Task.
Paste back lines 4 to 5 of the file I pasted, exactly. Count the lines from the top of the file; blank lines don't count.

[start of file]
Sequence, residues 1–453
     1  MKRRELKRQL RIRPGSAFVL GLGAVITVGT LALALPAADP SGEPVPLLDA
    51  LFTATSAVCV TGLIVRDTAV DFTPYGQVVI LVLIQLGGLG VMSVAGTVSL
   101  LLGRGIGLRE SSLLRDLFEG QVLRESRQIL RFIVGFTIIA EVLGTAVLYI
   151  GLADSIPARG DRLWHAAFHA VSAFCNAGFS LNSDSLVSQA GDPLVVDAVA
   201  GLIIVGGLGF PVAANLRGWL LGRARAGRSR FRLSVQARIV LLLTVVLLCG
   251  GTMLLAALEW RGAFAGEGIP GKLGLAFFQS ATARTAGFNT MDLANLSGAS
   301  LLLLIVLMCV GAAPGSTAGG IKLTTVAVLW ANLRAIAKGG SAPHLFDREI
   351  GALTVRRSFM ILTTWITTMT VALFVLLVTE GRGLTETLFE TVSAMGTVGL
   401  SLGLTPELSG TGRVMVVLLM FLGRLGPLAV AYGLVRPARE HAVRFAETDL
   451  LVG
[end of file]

   101  LLGRGIGLRE SSLLRDLFEG QVLRESRQIL RFIVGFTIIA EVLGTAVLYI
   151  GLADSIPARG DRLWHAAFHA VSAFCNAGFS LNSDSLVSQA GDPLVVDAVA